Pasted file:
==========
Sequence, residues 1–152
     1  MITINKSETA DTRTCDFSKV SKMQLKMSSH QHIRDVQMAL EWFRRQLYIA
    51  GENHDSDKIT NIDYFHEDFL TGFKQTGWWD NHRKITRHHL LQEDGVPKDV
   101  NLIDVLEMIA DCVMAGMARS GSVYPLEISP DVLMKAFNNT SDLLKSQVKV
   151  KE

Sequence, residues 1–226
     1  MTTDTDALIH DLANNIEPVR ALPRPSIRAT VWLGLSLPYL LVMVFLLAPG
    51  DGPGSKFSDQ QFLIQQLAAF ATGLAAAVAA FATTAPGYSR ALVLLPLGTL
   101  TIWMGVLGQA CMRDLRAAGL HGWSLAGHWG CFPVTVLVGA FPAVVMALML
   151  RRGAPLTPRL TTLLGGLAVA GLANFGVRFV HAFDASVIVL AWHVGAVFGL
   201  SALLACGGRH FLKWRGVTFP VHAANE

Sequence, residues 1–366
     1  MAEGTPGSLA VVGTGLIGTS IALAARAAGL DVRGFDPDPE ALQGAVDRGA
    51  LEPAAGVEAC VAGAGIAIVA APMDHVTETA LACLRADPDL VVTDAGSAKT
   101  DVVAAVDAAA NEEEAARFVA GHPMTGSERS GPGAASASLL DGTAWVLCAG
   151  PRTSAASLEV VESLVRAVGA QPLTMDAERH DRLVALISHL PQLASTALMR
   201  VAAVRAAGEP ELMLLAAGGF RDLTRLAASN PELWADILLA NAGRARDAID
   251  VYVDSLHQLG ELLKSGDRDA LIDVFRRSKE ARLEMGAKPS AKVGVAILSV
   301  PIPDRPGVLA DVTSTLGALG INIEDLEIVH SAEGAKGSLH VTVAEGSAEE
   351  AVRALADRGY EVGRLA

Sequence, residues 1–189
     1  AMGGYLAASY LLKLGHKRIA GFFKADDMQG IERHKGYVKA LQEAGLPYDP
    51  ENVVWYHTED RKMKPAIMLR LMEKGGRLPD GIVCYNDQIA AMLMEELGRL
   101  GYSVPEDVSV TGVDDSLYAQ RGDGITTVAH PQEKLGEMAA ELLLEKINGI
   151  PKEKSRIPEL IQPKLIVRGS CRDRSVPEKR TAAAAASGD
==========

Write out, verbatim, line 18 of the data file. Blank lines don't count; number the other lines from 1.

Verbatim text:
   251  VYVDSLHQLG ELLKSGDRDA LIDVFRRSKE ARLEMGAKPS AKVGVAILSV